In the tables above, with the exception of nothing, all italicized text represents a non–glyph value that will be put in the keyboard buffer. Any glyph image shown in the tables are what will be produced, (in each character set), if the value from the keyboard buffer is output to the screen via the CHROUT ($FFD2) kernal call.
Many keys on the keyboard will put a non–glyph PETSCII value in the buffer, with or without a modifier key. Namely:
- CRSR LF/RT
- CRSR UP/DN
- SPACE1, and
- the F-keys
In every one of these cases they follow the same pattern. Unmodified the key results in the corresponding PETSCII value with bit7 low. The key combined with SHIFT produces the same nearly the same PETSCII value, but with bit7 flipped high.2 In all of these cases, combining the key with the Commodore key does exactly the same thing as combining with SHIFT. The oddity here is SPACE and RETURN, when shifted, also result in the PETSCII value with bit7 high. A regular RETURN is $0d, but SHIFT-RETURN results in $8d. A regular SPACE is $20, but SHIFT-SPACE is $a0. This strikes me as an odd decision.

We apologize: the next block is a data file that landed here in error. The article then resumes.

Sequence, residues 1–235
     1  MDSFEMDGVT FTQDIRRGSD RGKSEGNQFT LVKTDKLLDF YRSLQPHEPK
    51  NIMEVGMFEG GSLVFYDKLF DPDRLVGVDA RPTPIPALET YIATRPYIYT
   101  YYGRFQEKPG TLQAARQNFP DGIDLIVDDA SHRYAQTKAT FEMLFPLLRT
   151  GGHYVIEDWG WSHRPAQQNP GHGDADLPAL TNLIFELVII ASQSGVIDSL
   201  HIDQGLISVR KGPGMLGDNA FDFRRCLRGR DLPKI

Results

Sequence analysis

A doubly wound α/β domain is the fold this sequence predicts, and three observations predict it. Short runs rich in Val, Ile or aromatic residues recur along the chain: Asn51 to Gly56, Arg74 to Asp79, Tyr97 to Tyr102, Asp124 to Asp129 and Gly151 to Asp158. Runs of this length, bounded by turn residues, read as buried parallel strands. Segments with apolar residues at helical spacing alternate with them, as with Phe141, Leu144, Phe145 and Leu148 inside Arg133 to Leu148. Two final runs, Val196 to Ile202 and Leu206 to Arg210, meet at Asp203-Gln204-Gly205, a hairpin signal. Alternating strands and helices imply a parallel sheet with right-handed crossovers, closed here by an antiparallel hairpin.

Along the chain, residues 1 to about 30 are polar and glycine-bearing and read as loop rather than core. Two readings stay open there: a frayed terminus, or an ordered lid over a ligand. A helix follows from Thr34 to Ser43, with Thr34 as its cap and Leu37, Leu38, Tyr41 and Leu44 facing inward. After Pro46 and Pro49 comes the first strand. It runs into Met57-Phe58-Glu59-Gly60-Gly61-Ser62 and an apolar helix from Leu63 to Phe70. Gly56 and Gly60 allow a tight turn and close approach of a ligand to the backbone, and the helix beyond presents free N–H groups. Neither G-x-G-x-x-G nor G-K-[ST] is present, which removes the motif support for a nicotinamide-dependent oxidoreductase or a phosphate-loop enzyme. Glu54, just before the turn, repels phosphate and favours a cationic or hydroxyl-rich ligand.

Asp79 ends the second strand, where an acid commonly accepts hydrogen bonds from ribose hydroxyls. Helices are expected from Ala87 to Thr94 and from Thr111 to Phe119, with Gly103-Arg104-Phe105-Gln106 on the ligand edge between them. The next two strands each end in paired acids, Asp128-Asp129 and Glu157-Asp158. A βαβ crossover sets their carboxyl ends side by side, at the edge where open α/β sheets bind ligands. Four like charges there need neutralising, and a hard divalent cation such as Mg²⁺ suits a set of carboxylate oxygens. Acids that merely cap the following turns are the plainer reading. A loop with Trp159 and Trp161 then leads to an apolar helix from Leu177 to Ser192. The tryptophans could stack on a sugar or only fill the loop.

Meanwhile, combining any of these keys with Control results in a nothing.
Symbols and Alphabetic Keys
The alphabetic keys, A-Z, work consistently. In the Uppercase/Graphics character set, unmodified gives you an uppercase letter, with SHIFT you get the right–side graphic printed on the key and with the Commodore key you get the left–side graphic on the key. In the Lowercase/Uppercase character set you get the lowercase letter when unmodified, the uppercase letter with SHIFT and you continue to get the same left–side graphic when using the Commodore key. We'll discuss the Control key with alphabetic keys in a moment.
Things become less consistent when looking at the symbolic keys. Aka, those that are non–number and non–alphabetic but which still produce a glyph. These consist of (thematically grouped):
- left pointing arrow, up pointing arrow
- plus, minus, equals
- colon, semi–colon, comma, period
- British pound, @, asterisk and front slash.
These keys are a bit of a gong show. Unmodified you get the main symbol printed on the key surface, regardless of character set. So, you just push the plus key, and you get a plus symbol regardless whether you're in Uppercase/Graphics or Lowercase/Uppercase.